In the UK, teaching aspects of Crime and the Media is part of the model curriculum for criminology as a subject. The paper introduces a concept for a “Crime and the Media” module, as offered at Bangor University (Wales) for undergraduates. Its roots go back to a “Law in Film” module taught by the presenter at the Ruhr-Universität Bochum (Germany), starting in 1995.
A Crime and the Media module should take account of the findings from academic
research and the students’ own contemporary experiences with media. The content of a module can be extraordinarily varied: drawing on different media from different times to highlight developments, and on examples from a range of countries.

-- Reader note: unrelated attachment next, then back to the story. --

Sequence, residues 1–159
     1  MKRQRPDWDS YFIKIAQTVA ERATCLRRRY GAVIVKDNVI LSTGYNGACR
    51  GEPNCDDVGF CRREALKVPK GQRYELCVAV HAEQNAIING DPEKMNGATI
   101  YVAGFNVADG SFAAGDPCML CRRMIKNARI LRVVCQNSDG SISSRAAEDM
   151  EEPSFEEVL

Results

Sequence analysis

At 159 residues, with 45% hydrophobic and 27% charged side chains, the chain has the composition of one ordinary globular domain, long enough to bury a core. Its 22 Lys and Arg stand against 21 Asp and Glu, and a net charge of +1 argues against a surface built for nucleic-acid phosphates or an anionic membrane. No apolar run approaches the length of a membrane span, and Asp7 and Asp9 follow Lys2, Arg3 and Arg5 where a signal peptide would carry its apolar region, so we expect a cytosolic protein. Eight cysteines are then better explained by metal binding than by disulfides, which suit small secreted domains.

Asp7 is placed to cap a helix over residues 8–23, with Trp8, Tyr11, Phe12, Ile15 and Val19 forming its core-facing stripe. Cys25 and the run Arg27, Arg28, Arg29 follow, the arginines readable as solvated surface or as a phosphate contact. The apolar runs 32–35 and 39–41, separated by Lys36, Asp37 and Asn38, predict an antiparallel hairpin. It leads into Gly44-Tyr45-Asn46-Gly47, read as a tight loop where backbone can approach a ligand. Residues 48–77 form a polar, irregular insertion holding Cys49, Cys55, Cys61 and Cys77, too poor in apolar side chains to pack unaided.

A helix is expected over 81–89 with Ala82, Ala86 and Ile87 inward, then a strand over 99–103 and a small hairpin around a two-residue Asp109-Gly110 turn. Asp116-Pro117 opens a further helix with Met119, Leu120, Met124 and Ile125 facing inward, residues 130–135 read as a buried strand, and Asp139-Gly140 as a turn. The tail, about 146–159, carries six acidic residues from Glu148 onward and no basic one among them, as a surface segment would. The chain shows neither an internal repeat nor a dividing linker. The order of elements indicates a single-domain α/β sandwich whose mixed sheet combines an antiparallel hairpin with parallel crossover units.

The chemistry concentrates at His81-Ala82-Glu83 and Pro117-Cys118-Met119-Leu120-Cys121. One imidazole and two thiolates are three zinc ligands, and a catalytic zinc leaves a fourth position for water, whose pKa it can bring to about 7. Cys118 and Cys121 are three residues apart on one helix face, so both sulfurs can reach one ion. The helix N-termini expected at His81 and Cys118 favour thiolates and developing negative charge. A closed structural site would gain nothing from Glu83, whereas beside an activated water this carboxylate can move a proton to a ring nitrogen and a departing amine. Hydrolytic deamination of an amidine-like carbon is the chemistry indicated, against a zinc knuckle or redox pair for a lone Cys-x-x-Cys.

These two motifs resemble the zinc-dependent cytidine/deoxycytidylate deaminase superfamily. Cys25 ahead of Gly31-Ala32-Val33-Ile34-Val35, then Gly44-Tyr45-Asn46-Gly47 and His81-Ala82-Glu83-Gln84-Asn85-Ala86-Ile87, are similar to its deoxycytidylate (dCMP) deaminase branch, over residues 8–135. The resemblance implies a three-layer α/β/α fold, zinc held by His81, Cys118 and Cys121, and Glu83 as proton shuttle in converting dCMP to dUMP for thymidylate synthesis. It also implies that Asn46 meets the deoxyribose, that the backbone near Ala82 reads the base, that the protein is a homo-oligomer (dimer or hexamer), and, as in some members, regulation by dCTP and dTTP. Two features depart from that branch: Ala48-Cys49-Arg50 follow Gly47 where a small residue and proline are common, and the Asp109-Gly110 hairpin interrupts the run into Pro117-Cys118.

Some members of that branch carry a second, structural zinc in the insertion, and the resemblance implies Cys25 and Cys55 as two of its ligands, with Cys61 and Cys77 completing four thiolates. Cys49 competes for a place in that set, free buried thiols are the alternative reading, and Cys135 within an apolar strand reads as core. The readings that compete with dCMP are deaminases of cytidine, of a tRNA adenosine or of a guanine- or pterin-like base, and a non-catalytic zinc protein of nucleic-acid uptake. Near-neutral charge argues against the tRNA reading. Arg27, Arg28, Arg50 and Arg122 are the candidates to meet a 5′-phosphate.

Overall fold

Students can be introduced to methods of systematic content analysis, for example, focusing on news values in news stories, or on entertainment values in films and tv series on crime.
Through group discussions, student presentations, essays involving small-scale
empirical research and other methods, students should be included as “active learners”.
An additional attraction of such a module is that it supplements the lecturer’s own research on crime, media and audience reactions.